Officer Charles J. Russell and his partner, Officer Edward J. Petticord, were shot and killed in an incident that occurred shortly after 8 o'clock in the evening of Sunday, September 30, 1906, near 24th Street and Indianapolis Avenue. Officers Russell and Petticord were in the neighborhood searching for subjects who had reportedly been involved in a drunken fight when they came across Jesse Coe and George Williams. As Officer Russell stepped forward to search Coe, Coe drew a revolver and fired three shots toward Russell at a range of about two feet. Officer Russell sank to the ground and Coe started to run. Officer Petticord started after Coe, with George Williams in the rear. Officer Petticord ran about 100 feet when Williams drew a revolver and fired a bullet into the officer's back. Officer Petticord staggered and fell in a leaning position over a fence post. Coe and Williams then disappeared.
Officers Russell and Petticord were both hurriedly taken to the City Hospital. Officer Russell's death followed a short time afterward, and Officer Petticord died in the early morning hours of October 2.
The news of the incident resulted in the organization of a systematic search. Police wagons filled with officers and detectives and several bicyclemen raced to the scene. Day men were summoned from their homes, and district patrolmen throughout the city were notified. All outgoing inter-urban cars and freight trains were searched. Men were sent to the outskirts, and all the haunts of Coe and Williams were watched. The police engaged the services of two chauffeurs, and two automobiles loaded with detectives joined the searching troops.
Williams was quickly apprehended where he and Coe roomed at 936 Queen Avenue, a few blocks from the incident. On October 25, 1906, he was convicted and sentenced to death in the Marion County Criminal Court. Williams was executed at the gallows in the State prison in Michigan City on Friday, February 8, 1907. Williams was the last man to have been hanged in Indiana. The electric chair replaced the gallows after his execution.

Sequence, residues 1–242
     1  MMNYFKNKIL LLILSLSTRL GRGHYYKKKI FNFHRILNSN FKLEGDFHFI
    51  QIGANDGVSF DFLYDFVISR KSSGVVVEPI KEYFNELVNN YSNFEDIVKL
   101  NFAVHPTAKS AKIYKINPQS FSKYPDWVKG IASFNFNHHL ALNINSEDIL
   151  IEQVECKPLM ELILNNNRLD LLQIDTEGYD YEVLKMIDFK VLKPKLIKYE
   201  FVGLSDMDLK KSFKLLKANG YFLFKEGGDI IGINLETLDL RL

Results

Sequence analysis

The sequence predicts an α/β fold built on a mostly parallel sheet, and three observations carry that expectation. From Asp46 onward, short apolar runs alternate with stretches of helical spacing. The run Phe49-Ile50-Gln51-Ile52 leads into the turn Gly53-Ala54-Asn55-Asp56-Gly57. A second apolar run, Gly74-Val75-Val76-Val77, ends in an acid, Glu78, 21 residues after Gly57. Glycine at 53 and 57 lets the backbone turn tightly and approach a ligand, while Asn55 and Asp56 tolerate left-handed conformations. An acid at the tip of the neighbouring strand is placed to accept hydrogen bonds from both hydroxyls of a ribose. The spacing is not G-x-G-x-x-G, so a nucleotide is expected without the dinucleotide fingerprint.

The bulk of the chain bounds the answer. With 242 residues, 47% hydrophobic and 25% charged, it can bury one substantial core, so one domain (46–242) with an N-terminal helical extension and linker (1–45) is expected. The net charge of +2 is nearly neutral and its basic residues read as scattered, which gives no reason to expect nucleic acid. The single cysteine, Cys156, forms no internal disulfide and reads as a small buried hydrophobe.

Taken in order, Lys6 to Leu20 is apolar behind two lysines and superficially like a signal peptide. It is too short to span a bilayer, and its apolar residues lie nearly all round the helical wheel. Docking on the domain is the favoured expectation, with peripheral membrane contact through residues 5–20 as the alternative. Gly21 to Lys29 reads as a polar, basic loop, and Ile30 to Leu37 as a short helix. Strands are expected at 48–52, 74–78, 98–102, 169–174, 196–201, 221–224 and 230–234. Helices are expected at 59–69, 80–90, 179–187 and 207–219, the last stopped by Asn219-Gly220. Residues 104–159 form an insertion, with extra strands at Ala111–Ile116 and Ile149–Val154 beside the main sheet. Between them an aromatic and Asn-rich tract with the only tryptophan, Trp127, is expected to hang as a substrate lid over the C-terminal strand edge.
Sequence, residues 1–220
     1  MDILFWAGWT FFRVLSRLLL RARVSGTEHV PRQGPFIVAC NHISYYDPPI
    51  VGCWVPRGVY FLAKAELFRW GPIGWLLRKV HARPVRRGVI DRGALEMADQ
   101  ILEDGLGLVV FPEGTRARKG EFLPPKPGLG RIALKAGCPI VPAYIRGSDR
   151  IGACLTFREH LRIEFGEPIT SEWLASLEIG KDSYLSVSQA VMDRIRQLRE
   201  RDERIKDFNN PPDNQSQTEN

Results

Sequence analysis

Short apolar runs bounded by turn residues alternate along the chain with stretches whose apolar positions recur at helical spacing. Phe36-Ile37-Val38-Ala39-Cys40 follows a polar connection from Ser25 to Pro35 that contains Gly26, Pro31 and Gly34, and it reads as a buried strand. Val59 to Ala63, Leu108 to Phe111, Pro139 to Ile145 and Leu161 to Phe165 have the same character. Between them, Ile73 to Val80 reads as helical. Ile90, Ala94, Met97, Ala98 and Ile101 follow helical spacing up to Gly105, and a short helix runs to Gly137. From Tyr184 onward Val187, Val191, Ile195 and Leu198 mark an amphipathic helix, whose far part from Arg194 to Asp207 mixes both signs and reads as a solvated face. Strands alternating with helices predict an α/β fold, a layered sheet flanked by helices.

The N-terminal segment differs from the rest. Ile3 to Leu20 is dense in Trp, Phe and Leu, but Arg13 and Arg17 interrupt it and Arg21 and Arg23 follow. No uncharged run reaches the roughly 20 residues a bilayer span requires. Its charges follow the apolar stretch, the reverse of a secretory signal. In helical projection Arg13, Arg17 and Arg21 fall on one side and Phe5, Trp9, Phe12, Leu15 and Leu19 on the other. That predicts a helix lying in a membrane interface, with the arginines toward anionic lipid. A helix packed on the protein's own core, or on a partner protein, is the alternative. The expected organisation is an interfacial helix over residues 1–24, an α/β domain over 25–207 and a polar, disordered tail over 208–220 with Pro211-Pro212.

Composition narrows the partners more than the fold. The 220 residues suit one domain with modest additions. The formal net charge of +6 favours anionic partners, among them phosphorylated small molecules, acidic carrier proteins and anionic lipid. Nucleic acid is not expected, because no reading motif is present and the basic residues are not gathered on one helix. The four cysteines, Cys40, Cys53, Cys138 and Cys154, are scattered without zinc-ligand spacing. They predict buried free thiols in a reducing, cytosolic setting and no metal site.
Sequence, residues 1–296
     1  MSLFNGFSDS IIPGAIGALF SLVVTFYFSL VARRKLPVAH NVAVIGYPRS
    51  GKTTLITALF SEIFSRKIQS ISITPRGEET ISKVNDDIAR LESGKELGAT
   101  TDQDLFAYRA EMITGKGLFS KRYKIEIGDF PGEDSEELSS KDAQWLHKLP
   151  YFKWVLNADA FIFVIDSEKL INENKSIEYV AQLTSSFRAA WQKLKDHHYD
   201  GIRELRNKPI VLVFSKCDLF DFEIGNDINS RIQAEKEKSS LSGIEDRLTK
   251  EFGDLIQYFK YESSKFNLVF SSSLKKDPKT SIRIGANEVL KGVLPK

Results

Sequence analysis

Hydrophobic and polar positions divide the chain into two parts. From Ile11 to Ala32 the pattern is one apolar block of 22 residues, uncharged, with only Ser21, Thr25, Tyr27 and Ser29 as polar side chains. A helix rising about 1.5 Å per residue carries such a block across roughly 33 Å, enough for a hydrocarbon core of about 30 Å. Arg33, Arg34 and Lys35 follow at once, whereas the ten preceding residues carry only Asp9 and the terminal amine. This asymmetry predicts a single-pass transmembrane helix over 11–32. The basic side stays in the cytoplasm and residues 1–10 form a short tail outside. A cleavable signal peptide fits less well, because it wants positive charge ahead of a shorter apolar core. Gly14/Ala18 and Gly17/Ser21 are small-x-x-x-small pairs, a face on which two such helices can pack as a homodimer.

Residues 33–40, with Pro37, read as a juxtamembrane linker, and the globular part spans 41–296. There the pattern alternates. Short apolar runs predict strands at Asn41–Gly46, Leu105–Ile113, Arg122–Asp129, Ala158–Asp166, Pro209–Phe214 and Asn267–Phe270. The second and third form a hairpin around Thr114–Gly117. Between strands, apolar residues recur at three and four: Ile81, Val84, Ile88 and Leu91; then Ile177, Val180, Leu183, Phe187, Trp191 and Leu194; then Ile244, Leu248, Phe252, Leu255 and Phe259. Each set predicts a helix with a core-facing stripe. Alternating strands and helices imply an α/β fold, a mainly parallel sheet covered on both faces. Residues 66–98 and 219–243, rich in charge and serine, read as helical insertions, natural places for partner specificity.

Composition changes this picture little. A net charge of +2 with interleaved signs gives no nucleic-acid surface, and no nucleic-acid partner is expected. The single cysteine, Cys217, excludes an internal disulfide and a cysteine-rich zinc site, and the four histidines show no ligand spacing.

Jesse Coe, known as a desperado with considerable intelligence, eluded a nation-wide police manhunt until August 25, 1908, when he was killed in a shoot-out with Monroe County, Kentucky, Sheriff J. E. Bryant and his deputies near Marlinsburg, on the Cumberland river. Bryant had been on the look-out for Coe during the two years since the officers' deaths, confident that Coe would show himself sooner or later. The range of hills bordering the Cumberland river east of Tompkinsville was one of the wildest and most sparsely settled districts in Kentucky. Nearly all the inhabitants of the hills were related to the Coe family.
Officer Russell lived with his wife, Mamie, and baby. He also had three sons by a former wife. Funeral services were held at his home on West 28th Street, a few blocks from the place where he was killed. A detail of police officers acted as pallbearers and the escort. After the service, his body was taken to Crown Hill for burial.
Officer Petticord was single and lived with his two sisters and a brother on East McCarty Street. Funeral services were held at Sixth Christian Church. His body is buried at New Bethel cemetery in the Wanamaker area.
An article in the December 26, 1906, Indianapolis Morning Star, told the touching story of Officer Petticord's dog, Bob:
"Comrades have ceased to remember with a shiver of fear the fate of the officer as nightly they pace their beats; the period of mourning conventionally established for the brave guardian of the peace has passed, but there is one friend who has never ceased for a moment to mourn his master's loss.
"That friend is "Bob," the thorough-bred English bull terrior which was an inseparable companion of [Officer Petticord] in hours when he was off duty. Yesterday, Christmas day, found Bob at the street car track at dawn, awaiting, as he has waited each day since the murder, for the appearance of his master, returning from night duty. When several cars had thundered by Bob trotted home again, as he has each morning sinced his master first failed to come. Often Bob will trot to the room of the dead officer in the home of the Petticords at 711 East McCarty street, and place his muzzle on the easy-chair where the officer often sat. . . Often on making his morning trip to meet the returning officer, as a car thundered by, passengers looked toward the sidewalk, at McCarty street, to see the form of a white bull dog, who lifted his nose in the air and emitted a mournful whine which echoed away in the distance as the car sped on."
Both officers had been on the police force for about five years.
Sources:The Indianapolis News, Monday, October 1 -2, 1906; February 8, 1907; August 26, 1908. The Indianapolis Morning Star, December 26, 1906. State Department of Corrections, Executions: State of Indiana 1897-1961 (held by Indiana State Archives)